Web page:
Be Self-Motivated and Productive

Working remotely from home means your boss won’t be peering over your shoulder to make sure you’re staying on task. If you slack off and your boss notices a drop in productivity, you’ll have a hard conversation to look forward to.

Self-motivation is a skill you can develop and developing this skill will help you stay productive. If you feel like you’re not getting it done or are having issues with procrastination, consider the following:

  • Create a “to-do” list on a daily basis. Having a to-do list will help you wrap your mind around what needs to be done for the day. Plus, when you finish a task, there is some satisfaction in scratching it off the list. This also keeps you from forgetting important tasks that need to completed before the end of the day.
  • Minimize distractions. Turn off the phone notifications, declutter your workspace, and only check email at set times. If your mind is constantly pulled in different directions, you will fall into the inefficient and tiring trap of multi-tasking.
  • Use a process-based approach to tasks. If the thought of completing a deliverable is overwhelming and demotivating, home in on the first step, set a timer for 25 minutes, and get to work. When 25 minutes is up, take a 3-5 minute break, and then do it again.

Your brain doesn’t like doing things that are uncomfortable or undesirable, so the idea here is to bypass that thought process and automate your behavior. For more tips to help you stay on task, look at our post on how to maintain productivity.

The Cost of Working Remotely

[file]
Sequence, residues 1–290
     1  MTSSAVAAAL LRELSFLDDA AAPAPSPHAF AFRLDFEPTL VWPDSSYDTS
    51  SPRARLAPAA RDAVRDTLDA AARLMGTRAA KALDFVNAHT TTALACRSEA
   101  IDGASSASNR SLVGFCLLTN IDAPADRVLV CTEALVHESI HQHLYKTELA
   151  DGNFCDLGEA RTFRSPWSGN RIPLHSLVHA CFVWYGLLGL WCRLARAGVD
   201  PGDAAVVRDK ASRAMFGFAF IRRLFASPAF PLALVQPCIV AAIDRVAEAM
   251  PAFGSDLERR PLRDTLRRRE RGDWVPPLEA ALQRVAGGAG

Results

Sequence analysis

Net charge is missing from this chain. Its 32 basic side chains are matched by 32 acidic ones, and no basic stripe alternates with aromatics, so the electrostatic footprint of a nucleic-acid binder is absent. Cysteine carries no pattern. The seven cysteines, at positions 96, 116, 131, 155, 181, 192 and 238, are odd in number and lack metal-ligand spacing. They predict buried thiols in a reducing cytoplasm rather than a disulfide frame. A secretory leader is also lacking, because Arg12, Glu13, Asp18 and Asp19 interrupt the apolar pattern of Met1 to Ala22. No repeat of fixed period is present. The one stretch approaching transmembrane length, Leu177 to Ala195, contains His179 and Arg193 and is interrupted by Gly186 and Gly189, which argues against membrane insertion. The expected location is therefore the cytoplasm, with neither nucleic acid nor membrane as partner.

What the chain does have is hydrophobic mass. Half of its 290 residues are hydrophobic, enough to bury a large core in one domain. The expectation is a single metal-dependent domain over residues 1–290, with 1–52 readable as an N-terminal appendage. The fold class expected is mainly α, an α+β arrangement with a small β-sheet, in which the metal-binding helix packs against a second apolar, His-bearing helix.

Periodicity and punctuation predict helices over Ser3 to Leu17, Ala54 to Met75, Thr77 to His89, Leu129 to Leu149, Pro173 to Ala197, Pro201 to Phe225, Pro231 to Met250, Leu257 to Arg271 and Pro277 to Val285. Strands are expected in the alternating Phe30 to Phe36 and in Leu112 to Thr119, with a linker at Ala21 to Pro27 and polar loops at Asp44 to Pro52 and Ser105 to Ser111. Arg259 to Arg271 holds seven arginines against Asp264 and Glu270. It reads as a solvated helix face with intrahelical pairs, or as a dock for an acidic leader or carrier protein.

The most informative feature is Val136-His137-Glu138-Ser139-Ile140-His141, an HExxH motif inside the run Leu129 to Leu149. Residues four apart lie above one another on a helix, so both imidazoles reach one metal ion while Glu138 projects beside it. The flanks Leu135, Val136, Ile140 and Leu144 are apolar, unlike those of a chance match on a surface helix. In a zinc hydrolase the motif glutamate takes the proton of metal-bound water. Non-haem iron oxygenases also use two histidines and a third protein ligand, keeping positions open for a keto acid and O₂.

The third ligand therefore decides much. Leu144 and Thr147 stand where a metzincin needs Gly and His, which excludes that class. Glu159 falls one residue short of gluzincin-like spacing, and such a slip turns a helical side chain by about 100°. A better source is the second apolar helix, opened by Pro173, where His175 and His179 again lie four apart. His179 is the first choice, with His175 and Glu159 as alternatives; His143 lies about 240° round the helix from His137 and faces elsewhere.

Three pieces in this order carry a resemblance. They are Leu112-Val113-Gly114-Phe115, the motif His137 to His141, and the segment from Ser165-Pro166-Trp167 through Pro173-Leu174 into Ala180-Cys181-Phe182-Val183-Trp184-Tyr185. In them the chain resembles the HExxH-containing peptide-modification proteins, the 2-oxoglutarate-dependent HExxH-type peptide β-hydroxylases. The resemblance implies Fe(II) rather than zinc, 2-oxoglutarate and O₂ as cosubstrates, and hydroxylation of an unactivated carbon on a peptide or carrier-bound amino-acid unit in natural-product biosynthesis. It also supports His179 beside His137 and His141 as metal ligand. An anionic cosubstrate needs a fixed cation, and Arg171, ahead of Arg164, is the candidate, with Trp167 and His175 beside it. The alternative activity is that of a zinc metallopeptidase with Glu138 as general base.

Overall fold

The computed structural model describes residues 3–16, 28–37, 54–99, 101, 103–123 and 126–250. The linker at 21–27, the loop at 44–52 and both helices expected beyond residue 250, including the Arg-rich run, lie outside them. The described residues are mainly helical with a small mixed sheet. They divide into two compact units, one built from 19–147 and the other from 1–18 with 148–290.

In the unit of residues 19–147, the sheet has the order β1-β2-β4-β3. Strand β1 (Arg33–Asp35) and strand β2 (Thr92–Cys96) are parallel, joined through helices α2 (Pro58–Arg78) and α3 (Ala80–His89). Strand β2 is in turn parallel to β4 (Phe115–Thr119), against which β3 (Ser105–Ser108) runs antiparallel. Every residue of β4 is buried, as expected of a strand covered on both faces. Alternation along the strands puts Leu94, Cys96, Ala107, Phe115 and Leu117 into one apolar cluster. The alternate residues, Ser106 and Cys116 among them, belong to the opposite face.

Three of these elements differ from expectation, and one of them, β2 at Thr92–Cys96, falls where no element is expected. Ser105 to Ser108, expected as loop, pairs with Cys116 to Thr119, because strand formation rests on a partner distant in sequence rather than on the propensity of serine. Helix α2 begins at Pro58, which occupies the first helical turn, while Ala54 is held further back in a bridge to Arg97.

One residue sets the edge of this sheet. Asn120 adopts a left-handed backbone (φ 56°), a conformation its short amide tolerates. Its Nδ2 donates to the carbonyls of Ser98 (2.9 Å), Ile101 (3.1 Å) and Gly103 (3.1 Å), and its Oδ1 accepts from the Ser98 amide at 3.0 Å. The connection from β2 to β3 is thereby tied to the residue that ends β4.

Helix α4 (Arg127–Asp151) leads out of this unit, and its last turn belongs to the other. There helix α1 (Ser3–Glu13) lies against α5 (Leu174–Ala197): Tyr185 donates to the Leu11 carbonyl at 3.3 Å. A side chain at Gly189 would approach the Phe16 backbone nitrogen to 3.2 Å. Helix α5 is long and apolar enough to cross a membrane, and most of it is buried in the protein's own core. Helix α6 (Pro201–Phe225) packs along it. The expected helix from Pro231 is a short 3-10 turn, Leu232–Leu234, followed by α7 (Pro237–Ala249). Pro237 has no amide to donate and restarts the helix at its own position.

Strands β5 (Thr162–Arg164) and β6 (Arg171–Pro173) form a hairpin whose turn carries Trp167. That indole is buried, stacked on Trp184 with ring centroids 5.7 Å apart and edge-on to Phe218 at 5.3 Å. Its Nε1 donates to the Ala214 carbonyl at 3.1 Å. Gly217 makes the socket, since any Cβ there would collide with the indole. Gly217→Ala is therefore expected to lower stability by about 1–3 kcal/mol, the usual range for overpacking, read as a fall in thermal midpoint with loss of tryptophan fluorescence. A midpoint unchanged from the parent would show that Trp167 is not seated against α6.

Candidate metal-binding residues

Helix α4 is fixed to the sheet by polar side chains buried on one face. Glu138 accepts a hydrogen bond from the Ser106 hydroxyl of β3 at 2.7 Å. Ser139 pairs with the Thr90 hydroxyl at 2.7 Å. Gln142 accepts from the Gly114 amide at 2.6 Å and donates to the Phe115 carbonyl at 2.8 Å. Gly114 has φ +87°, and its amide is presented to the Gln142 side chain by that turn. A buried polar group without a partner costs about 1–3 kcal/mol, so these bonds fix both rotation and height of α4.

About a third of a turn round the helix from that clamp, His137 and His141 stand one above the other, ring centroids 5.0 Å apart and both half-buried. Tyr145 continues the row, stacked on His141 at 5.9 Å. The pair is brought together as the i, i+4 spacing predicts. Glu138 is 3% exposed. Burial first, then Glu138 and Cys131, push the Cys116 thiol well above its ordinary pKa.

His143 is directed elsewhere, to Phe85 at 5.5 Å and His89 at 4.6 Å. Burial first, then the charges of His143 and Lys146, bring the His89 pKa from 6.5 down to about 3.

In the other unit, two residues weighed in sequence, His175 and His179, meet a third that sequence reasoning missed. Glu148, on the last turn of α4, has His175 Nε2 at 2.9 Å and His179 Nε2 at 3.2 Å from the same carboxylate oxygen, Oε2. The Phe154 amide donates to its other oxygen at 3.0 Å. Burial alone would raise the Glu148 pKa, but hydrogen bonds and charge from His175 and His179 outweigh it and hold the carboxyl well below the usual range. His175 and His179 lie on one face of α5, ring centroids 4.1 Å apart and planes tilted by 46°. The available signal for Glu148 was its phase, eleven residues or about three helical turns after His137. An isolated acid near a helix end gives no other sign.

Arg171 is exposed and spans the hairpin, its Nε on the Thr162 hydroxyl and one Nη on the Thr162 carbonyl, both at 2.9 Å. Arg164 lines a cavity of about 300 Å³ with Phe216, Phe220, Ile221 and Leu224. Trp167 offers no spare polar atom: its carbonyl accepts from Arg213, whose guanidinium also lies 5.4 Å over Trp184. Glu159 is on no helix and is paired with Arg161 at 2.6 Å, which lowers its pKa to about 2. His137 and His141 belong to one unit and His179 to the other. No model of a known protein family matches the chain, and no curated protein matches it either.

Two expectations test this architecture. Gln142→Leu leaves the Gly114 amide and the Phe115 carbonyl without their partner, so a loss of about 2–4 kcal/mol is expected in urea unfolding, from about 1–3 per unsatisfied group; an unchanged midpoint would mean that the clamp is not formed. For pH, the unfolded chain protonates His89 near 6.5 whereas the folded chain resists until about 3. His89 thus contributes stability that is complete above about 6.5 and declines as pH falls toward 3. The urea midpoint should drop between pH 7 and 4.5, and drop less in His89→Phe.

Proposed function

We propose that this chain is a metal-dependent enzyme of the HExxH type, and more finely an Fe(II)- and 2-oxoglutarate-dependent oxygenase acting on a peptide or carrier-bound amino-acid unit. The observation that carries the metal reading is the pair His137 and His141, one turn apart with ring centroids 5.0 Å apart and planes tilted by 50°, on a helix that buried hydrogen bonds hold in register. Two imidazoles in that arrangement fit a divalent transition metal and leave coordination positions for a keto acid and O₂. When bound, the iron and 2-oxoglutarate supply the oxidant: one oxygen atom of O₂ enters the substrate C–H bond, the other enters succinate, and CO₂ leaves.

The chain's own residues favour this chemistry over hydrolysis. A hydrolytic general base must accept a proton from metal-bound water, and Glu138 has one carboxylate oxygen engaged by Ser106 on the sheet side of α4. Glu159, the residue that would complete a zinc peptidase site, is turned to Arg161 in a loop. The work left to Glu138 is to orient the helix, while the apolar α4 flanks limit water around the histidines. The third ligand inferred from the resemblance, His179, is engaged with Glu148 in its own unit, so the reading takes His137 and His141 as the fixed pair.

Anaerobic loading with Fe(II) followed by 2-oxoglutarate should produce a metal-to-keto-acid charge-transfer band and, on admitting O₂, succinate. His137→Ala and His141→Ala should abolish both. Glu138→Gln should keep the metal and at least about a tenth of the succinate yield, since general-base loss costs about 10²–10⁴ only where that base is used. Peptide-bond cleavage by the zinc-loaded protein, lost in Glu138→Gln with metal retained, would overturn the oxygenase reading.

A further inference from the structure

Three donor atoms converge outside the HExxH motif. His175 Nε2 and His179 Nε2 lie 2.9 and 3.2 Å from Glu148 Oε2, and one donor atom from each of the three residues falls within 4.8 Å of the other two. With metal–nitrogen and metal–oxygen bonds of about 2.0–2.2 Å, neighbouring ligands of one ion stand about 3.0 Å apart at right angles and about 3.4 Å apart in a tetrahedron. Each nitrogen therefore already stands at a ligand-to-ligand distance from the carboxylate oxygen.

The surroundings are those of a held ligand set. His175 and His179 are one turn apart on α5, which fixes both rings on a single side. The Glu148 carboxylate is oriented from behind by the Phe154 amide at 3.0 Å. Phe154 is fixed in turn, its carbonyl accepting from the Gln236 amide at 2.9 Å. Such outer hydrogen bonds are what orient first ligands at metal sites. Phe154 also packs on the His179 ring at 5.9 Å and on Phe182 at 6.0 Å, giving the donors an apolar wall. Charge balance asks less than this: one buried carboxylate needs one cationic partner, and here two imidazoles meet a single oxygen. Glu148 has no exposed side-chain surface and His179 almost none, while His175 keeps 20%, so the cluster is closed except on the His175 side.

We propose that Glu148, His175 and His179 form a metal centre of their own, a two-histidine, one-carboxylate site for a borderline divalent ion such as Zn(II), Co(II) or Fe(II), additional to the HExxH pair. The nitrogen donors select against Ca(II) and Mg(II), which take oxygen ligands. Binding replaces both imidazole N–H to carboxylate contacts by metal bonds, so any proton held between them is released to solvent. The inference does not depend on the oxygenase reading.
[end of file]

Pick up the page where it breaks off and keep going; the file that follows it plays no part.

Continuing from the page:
Working remotely isn’t free, so some people may perceive this as a downside. You have costs for internet service, workspace, and you have to buy your own coffee and tea. So this could be viewed as a downside, but it should be noted that the average person saves over $4,000 per year by working remotely (that’s like a $2 raise!).

These savings happen because you’re not buying gas for your car, you spend less on clothes, you eat out for lunch far less, and some people may have lower child-care costs. Not only that, but you gain a lot of extra free time that would otherwise be spent in traffic. So you are actually gaining quite a bit by working remotely from home.

Any up front or small recurring costs should be weighed against these savings. Which means that in the long run, there is no real downside for getting set up to work from home from a cost standpoint. In fact, many companies even provide stipends or one-time payments to help you get set up.

Making it Work

In spite of some downsides, there are many benefits to working from home. Whether this is more free time, more time with your family, or extra money in your pocket. So it’s worth strengthening your self-discipline and building the skills necessary to be an effective remote worker.

What helps you stay productive when working remotely? Please share what works for you by leaving a comment below.